Power, bargaining, and collaboration

Justin Bruner, Cailin O’Connor

Research output: Chapter in Book/Report/Conference proceedingChapter

9 Scopus citations

Abstract

Collaboration is increasingly popular across academia. Collaborative work raises certain ethical questions, however. How will the fruits of collaboration be divided? How will academics divide collaborative labor? This chapter considers the following question in particular. Are there ways in which these divisions systematically disadvantage certain groups? The chapter uses evolutionary game theoretic models to address this question. First, it discusses results from O’Connor and Bruner (2015) showing that underrepresented groups in academia can be disadvantaged in collaboration and bargaining by dint of their small numbers. Second, it presents novel results exploring how the hierarchical structure of academia can lead to bargaining disadvantage. The chapter investigates models where one actor has a higher baseline of academic success, less to lose if collaboration goes south, or greater rewards for non-collaborative work. The chapter shows that in these situations, the less powerful partner can be disadvantaged in bargaining over collaboration.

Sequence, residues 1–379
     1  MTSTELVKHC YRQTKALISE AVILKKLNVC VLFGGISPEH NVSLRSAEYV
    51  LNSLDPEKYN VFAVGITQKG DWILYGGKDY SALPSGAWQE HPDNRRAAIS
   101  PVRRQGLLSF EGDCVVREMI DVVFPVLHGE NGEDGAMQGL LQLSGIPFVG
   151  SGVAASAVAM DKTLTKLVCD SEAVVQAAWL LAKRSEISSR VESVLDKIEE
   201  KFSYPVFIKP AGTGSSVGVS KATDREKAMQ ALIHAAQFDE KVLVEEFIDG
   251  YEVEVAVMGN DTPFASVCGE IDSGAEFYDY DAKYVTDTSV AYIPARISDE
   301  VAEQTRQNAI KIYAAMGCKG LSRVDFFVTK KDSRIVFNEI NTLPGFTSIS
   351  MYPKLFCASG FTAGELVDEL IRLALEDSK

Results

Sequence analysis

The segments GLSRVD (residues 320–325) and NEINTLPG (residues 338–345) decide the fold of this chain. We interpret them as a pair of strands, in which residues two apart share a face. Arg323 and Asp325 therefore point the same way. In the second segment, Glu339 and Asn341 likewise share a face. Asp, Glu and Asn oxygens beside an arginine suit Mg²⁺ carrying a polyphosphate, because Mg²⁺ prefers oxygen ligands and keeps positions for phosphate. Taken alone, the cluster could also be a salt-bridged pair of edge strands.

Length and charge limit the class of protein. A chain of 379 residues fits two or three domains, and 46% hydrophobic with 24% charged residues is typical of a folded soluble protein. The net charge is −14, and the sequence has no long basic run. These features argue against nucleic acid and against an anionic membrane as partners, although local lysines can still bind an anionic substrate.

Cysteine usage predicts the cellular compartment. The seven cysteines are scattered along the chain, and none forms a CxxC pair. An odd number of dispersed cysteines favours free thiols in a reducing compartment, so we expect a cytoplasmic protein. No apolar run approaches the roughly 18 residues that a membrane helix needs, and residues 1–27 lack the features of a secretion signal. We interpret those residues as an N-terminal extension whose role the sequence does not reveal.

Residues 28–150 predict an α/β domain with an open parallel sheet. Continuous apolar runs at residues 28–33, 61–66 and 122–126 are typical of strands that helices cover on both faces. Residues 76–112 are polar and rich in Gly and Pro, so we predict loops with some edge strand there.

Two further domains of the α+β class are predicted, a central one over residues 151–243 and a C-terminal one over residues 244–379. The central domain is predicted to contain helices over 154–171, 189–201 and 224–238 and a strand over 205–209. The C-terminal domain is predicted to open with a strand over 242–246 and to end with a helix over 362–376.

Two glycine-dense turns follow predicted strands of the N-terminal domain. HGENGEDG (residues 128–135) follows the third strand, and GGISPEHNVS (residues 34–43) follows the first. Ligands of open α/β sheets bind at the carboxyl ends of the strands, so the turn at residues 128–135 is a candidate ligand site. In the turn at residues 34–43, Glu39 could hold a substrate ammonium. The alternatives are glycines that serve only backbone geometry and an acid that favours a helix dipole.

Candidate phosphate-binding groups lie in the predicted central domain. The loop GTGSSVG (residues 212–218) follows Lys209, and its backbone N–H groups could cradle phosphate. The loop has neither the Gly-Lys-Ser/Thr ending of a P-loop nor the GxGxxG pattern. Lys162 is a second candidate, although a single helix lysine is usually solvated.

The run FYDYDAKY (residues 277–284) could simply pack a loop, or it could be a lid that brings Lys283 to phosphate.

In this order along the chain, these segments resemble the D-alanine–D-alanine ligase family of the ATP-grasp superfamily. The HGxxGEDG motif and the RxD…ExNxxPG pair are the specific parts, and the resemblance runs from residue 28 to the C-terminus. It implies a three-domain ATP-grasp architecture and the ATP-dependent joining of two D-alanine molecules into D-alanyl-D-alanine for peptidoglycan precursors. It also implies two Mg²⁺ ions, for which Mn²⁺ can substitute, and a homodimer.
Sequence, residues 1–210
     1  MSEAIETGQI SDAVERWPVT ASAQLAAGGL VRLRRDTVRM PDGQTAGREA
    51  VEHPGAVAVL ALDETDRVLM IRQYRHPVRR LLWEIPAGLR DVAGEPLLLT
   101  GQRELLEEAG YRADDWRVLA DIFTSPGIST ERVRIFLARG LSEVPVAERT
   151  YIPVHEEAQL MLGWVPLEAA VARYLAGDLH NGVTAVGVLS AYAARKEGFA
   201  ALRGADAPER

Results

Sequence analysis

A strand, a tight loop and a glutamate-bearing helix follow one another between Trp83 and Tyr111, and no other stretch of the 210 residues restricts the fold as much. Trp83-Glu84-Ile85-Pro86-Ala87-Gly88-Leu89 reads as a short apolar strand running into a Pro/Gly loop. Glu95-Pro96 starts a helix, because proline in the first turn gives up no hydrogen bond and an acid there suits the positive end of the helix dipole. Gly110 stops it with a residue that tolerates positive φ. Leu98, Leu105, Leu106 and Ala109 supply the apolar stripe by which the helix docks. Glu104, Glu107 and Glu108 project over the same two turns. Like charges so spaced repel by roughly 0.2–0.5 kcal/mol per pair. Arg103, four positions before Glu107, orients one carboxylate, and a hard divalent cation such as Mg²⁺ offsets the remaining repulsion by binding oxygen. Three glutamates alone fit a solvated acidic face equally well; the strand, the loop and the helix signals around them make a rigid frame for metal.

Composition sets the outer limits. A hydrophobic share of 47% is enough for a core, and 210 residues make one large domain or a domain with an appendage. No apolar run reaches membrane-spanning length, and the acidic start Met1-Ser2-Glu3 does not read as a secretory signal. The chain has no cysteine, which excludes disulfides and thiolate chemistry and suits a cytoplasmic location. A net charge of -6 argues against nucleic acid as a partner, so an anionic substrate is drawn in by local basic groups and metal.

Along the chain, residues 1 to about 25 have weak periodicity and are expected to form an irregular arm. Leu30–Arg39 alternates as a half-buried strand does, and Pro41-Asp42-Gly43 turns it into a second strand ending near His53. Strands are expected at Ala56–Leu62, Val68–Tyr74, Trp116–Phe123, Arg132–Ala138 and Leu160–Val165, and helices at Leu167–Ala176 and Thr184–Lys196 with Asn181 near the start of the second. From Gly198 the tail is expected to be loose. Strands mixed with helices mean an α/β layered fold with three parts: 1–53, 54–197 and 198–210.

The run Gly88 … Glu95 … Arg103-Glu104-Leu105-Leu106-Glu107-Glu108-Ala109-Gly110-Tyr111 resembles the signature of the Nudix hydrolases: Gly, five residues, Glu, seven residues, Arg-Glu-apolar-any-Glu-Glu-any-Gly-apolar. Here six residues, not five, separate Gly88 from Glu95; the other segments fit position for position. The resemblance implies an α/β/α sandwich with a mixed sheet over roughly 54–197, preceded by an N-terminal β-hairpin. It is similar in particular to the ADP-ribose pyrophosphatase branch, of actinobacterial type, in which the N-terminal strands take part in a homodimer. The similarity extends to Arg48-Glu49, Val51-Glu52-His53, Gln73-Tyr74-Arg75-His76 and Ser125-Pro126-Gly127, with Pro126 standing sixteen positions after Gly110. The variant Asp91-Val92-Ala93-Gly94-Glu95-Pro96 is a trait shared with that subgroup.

Original languageEnglish (US)
Title of host publicationScientific Collaboration and Collective Knowledge
Subtitle of host publicationNew Essays
PublisherOxford University Press
Pages135-157
Number of pages23
ISBN (Electronic)9780190680534
ISBN (Print)9780190680558
DOIs
StatePublished - Jan 1 2017
Externally publishedYes

Keywords

  • Bargaining
  • Collaboration
  • Epistemic communities
  • Evolutionary game theory
  • Game theory
  • Power
  • Social epistemology

ASJC Scopus subject areas

  • Arts and Humanities(all)

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